— Tim Pool (@Timcast) July 26, 2023
On Wednesday, he returned to work and told reporters he was “fine” shortly after his incident. An aide told reporters McConnell “felt lightheaded and stepped away for a moment. He came back to handle Q and A.”
But NBC News then reported that McConnell also tripped and fell earlier this month, suffering a “face plant” while disembarking a plane at Reagan airport, according to an anonymous witness.
Another source told NBC McConnell now uses a wheelchair as a precaution in crowded airports. McConnell did not comment on the NBC report.
I don’t wish illness on anyone, including the tortoisian and conservative McConnell, but he really should retire.
*In an article that’s largely unreadable because of the surfeit of Māori words, the New Zealand Herald (the country’s main newspaper) announces a new initiative to legally protect Māori ‘treasures’ as well as well as mātauranga Māori (Māori “ways of knowing”)
Kaikohe’s Kohewhata Marae buzzed at the weekend as a decades-old challenge to the Crown marked an exciting step forward.
Political leaders, kaitiaki (guardians) and revered kaumātua of te ao Māori (the Māori world) gathered for the launch of Tiaki Taonga, a movement to foster understanding and engagement with the kaupapa of taonga (treasures) and protection of mātauranga Māori (Māori knowledge).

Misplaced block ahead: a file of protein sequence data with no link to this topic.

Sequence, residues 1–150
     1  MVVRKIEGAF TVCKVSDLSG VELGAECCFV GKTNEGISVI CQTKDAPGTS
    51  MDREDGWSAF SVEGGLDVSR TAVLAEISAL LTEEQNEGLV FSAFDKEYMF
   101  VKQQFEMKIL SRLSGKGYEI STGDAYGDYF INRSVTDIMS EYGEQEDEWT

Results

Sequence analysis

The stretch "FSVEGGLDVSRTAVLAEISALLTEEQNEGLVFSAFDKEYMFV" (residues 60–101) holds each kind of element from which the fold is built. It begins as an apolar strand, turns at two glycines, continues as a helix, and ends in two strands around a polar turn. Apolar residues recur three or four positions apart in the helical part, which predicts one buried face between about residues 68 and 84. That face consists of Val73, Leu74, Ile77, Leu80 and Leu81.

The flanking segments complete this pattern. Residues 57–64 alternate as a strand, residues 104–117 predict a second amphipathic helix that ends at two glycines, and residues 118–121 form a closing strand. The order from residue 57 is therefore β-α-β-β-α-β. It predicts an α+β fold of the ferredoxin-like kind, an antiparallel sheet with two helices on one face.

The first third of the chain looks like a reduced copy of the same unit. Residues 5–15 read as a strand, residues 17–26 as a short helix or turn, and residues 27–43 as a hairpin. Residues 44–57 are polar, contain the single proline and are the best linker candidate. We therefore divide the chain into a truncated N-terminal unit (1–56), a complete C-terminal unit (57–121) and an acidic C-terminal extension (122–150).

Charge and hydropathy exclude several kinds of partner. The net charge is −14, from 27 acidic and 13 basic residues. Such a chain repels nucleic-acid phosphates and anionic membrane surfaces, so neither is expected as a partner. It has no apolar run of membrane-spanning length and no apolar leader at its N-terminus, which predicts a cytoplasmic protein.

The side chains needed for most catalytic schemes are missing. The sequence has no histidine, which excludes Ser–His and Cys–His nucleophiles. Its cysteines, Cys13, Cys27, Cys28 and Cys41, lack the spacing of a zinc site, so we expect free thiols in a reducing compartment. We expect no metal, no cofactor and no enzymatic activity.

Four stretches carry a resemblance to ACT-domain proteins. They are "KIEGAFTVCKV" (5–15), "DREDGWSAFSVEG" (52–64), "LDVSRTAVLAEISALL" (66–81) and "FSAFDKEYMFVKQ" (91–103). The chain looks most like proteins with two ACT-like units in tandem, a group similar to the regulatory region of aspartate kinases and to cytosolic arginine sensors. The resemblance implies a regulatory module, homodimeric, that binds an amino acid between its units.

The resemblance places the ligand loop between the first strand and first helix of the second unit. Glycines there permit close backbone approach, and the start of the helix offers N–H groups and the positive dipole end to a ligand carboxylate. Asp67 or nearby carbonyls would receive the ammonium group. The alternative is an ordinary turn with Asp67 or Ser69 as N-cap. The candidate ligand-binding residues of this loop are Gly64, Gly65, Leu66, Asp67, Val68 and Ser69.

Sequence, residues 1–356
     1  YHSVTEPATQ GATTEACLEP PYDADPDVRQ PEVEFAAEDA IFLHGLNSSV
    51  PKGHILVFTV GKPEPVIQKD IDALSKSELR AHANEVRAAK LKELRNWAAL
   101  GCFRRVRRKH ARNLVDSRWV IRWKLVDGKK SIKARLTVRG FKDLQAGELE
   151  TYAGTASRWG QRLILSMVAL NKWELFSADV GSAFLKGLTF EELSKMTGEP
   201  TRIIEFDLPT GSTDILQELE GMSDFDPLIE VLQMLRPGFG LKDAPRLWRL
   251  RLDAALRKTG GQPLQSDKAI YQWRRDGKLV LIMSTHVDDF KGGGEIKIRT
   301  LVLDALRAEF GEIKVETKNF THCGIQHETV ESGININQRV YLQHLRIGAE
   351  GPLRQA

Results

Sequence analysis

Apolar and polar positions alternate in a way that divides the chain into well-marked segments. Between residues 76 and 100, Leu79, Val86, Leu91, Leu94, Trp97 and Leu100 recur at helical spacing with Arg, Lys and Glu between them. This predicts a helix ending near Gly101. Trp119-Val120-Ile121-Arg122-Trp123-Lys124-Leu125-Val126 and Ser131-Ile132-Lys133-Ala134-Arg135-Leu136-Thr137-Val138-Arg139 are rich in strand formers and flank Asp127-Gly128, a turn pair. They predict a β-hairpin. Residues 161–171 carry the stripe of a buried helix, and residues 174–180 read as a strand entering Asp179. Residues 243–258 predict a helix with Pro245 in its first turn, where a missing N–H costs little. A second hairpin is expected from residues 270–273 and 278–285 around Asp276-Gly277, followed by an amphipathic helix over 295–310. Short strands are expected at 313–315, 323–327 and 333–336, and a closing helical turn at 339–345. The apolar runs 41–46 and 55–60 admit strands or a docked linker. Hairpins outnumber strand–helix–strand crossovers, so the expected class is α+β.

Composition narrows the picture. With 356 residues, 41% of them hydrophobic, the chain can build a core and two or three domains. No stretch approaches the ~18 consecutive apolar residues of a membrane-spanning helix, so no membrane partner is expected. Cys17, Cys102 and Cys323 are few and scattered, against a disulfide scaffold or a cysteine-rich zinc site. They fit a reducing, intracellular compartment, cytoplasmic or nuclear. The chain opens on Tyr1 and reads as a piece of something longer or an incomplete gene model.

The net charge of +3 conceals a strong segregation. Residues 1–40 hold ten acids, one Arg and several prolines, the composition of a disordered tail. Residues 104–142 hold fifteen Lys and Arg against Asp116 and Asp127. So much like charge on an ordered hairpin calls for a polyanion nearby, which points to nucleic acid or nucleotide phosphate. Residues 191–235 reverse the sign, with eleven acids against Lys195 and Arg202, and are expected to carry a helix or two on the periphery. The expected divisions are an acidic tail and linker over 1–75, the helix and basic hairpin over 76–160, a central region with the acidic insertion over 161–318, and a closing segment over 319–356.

“I think today represents the beginning of the beginning,” said Te Rarawa’s Haami Piripi on Saturday.
“What today is doing is reinvigorating people’s interest [in Wai 262], regenerating their involvement and reactivating their inspiration.”
The movement, which was launched by Wai 262 – known as the flora, fauna and intellectual property rights claim – will also become the legislative framework which was sought through the claim made to Waitangi Tribunal in 1991.
. . .Waitai said Tiaki Taonga was about “constitutional change to fully recognise kaitiakitanga of taonga and mātauranga by Māori, for Māori”.